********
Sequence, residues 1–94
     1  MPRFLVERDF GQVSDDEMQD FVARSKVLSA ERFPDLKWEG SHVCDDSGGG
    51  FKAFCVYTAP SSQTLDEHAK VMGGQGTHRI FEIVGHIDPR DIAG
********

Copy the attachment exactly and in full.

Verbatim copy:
Sequence, residues 1–94
     1  MPRFLVERDF GQVSDDEMQD FVARSKVLSA ERFPDLKWEG SHVCDDSGGG
    51  FKAFCVYTAP SSQTLDEHAK VMGGQGTHRI FEIVGHIDPR DIAG